Getting “regular flu” shots The Minnesota Department of Health has a flu shot listing that sort of works — mdhflu.com. But the MDH listing is woefully incomplete. The only place it lists within ten miles of St. Paul for the next week is the Health Partners clinic in Bloomington on September 21, with flu shots costing $50. A series of phone calls turned up additional places at lower costs and more accessible locations.

The CVS-run Minute Clinics have flu shots daily, for $30 cash, and a CVS spokesperson notes that most insurance plans will cover that cost. The 24 Minnesota Minute Clinics tend to be in suburban locations, including Maplewood, White Bear Lake, Woodbury, Edina, and New Hope. The Minneapolis Minute Clinic is located at the International Center, 920 2nd Avenue South. The St. Paul Minute Clinic is located in the Centennial Building near the State Capitol at 658 Cedar Street. Hours vary, and you’ll probably need to go on-line for information, because nurse practitioners at the clinics “are swamped and probably won’t answer the phone,” according to the spokesperson at the national office. (I tried, and he’s right about that.)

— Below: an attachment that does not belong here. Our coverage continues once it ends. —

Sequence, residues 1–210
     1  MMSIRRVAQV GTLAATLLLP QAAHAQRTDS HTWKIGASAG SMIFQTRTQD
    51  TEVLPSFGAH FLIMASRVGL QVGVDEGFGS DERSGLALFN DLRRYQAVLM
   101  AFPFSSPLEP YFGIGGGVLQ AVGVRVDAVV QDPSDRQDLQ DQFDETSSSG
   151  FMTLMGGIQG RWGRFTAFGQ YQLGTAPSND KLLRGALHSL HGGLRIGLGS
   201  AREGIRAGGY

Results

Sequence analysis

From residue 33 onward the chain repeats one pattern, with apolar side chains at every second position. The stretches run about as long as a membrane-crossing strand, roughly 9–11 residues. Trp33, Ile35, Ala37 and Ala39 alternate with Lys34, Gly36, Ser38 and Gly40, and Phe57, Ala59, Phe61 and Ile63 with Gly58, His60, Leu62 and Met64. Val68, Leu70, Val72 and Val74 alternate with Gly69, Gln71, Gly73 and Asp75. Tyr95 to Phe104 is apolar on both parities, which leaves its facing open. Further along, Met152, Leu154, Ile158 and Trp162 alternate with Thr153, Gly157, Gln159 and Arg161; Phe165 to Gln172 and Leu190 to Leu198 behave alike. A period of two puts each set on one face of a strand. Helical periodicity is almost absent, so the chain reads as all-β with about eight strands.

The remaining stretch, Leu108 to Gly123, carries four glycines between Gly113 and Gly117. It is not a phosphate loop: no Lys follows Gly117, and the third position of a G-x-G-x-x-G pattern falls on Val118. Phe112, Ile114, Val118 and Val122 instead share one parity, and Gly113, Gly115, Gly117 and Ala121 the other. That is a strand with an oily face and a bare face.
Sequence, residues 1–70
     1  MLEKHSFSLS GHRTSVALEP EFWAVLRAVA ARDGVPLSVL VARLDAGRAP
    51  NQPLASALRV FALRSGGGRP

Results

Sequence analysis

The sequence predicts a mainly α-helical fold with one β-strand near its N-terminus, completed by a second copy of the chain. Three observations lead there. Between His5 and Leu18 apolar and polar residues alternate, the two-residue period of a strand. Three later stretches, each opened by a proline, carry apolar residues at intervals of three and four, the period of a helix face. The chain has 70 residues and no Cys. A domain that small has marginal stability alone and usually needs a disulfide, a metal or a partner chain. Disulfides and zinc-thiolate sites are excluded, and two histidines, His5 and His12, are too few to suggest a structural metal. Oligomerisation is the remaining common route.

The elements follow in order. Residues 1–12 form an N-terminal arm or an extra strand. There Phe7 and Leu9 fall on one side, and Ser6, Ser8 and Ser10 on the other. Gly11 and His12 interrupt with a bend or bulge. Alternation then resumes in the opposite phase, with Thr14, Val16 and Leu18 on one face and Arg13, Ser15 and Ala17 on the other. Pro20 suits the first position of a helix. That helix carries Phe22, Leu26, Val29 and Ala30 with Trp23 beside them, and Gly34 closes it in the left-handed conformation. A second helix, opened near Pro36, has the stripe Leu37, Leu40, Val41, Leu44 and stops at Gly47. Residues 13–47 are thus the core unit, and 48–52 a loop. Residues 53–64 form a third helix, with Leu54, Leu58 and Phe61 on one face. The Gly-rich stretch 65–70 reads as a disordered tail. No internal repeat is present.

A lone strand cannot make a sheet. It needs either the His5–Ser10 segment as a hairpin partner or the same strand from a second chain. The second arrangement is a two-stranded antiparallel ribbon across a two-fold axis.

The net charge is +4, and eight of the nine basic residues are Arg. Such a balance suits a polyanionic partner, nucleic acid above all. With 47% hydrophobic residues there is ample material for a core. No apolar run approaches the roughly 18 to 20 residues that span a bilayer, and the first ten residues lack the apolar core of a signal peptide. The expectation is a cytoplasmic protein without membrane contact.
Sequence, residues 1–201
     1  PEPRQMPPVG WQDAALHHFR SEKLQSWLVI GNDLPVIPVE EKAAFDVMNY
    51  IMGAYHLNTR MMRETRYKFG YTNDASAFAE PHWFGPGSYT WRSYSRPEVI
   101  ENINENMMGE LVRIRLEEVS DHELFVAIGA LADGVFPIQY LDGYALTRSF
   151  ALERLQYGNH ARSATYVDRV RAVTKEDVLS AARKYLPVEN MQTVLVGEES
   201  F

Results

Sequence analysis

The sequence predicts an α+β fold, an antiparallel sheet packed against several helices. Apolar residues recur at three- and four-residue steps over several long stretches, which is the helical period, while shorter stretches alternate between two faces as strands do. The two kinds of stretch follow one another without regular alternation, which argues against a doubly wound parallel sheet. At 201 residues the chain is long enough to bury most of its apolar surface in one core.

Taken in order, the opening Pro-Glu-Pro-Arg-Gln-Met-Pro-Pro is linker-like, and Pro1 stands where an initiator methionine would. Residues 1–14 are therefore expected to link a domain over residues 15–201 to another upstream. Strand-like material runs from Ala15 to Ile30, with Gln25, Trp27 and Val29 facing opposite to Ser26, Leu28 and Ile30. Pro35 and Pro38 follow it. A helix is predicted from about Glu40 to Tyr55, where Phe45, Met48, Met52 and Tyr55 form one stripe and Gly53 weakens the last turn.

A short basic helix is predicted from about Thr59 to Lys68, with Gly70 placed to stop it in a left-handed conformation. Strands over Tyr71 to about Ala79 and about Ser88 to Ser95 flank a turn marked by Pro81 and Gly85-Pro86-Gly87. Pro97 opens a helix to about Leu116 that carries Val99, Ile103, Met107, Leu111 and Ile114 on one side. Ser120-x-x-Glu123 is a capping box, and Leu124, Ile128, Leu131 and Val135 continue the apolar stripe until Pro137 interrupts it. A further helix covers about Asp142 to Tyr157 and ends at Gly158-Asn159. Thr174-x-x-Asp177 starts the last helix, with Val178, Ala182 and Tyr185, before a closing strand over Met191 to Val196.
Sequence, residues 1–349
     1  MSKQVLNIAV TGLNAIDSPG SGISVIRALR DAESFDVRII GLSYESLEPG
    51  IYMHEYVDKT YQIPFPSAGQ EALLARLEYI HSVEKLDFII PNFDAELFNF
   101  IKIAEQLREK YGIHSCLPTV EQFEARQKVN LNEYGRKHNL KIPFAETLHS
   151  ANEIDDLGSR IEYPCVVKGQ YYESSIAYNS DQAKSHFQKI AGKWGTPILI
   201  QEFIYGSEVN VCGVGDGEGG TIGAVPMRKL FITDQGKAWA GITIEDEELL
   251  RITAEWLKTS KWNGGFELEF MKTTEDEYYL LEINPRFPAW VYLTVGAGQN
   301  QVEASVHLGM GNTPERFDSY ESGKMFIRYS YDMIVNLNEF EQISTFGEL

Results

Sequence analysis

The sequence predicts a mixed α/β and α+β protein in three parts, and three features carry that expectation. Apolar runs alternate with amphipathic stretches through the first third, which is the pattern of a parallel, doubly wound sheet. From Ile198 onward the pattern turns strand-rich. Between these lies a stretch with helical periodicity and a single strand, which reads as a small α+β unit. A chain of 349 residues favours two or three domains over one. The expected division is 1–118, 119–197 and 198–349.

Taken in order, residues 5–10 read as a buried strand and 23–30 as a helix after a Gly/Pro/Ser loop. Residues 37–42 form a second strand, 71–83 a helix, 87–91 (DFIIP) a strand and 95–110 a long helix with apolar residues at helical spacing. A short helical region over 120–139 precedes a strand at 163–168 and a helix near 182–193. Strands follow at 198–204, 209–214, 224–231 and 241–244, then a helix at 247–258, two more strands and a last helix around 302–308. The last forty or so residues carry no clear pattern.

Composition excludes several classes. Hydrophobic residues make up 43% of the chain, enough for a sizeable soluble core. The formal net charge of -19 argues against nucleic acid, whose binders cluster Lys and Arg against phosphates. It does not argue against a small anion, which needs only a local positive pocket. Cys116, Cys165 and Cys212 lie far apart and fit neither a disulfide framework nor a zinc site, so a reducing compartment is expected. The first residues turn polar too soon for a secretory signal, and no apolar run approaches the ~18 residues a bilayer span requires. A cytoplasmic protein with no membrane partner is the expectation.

Cub Food Stores also have flu shots right now, but you need to check their locator to find out the dates and times for individual stores. Other places with flu shots at various future dates are:
Snyder Drug Stores
Target
Lunds and Byerlys
Walgreen
Walmart
Regular CVS pharmacies